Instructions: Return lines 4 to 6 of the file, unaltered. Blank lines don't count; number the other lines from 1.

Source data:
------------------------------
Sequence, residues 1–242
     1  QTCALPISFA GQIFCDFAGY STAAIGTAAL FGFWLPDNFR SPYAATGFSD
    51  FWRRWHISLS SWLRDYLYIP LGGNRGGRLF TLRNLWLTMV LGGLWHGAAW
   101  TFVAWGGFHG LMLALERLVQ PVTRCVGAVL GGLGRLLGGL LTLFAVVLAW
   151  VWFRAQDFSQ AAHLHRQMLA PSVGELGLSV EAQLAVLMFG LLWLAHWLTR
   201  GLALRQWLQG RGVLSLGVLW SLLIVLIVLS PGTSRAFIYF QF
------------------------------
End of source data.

   101  TFVAWGGFHG LMLALERLVQ PVTRCVGAVL GGLGRLLGGL LTLFAVVLAW
   151  VWFRAQDFSQ AAHLHRQMLA PSVGELGLSV EAQLAVLMFG LLWLAHWLTR
   201  GLALRQWLQG RGVLSLGVLW SLLIVLIVLS PGTSRAFIYF QF